There are pros and cons with each gene. I’ve accidentally held on to some odd little gems that I consider priceless, such as a single copy of the Weird Mysteries comic book series from the 70s. On the other hand, my purging zeal has led to some colossal mistakes being made, such as the time I donated my mint condition 70s Lego sets to charity and then found out they were worth a fortune.
Cover of Weird Mysteries comic book showing a doctor unable to help a patient and a woman pointing to the devilIf you’ve seen the TV show Hoarders you’ll know that serious hoarding always has an emotional basis. The inability to let something go emotionally and the quest to control one’s life in some way manifest in the extreme collection of everything from household goods to household rubbish, to the point where homes and backyards are filled wall to wall and chest high with utter, and in some cases truly bizarre, crap.

But it’s a fine line. In a way, collecting is socially acceptable and sanctioned hoarding. I read recently of a woman who has a shed that holds 13,000 teaspoons. An impressive collection, or a case of organised and narrowly focussed hoarding?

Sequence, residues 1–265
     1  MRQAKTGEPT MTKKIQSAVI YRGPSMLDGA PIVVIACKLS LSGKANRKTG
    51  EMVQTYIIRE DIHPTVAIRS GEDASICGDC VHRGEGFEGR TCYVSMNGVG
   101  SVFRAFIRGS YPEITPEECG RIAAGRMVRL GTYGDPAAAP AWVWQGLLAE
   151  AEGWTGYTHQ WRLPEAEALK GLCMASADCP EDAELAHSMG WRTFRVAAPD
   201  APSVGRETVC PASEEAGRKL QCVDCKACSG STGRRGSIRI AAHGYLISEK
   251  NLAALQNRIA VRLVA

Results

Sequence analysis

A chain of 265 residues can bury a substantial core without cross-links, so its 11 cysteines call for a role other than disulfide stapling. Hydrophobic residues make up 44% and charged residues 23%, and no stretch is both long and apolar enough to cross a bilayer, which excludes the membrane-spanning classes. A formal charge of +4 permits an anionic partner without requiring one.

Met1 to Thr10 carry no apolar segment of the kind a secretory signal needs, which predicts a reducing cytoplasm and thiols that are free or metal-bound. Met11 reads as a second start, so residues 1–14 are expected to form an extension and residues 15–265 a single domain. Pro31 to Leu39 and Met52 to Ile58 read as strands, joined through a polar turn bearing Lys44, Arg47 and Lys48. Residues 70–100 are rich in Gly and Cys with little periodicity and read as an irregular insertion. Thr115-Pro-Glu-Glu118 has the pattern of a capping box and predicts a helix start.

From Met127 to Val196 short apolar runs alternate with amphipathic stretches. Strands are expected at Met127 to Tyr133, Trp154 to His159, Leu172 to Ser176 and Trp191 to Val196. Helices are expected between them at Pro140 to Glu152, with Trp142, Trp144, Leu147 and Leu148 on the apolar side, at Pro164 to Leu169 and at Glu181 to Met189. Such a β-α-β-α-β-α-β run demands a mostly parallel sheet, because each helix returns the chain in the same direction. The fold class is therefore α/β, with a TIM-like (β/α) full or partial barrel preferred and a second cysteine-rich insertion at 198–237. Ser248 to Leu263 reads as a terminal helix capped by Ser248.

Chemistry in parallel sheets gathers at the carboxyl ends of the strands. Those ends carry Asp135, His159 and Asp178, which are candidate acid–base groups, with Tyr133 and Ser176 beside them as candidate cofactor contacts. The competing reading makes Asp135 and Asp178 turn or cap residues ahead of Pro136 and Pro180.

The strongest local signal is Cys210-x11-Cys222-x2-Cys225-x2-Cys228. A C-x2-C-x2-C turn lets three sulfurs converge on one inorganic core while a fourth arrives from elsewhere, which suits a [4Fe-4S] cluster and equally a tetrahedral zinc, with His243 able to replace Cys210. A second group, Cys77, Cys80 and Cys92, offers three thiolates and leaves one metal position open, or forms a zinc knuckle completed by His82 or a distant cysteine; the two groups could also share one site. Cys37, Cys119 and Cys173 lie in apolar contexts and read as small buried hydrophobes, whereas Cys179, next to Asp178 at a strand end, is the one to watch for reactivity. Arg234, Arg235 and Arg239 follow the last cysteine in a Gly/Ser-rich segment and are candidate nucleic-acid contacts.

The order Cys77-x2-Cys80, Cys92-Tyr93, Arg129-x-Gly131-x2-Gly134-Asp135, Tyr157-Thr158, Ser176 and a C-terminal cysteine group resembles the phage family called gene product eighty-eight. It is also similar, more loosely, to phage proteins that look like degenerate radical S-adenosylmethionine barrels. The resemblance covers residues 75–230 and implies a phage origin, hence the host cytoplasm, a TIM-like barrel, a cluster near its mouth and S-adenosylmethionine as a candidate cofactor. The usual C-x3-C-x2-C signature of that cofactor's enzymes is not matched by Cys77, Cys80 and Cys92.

Perhaps we just don’t relate to what hoarders collect because it doesn’t make sense to us in the way a collection of teaspoons might, though for militant purgers like my mum, there is as little sense in a shed with 13,000 teaspoons as there is in my dad’s garage of crap.

Let’s face it, if hoarding is about holding on and purging is about letting go, we’re all hoarders in comparison to say, Buddhist monks, who let go of everything on their path to enlightenment. We could all look around our homes, I’m sure, and think about what meaning we gain from our possessions and what emotions lie behind our inability to let go of some things.

I can see myself giving away a lot of my things and living a very minimalist if not totally ascetic lifestyle when I’m older. Until I get to that point, I’ll continue to balance my two genetic dispositions to hoard and purge. And meanwhile, I’m holding onto that burnt out plate. Not quite ready to let it go.
photo of man and woman from 1960s on a plate that has had smoke damage

Boogie Fever

“Dance is the body at its maximum.” – George Balanchine

Before I started writing compulsively, before I wanted to be a paperback writer, there was dance. Dance was my first love.

I was about five or six when my mum took me along to ballet classes. I was enthralled. It was like learning a secret language that your entire body could speak. It totally captured my imagination.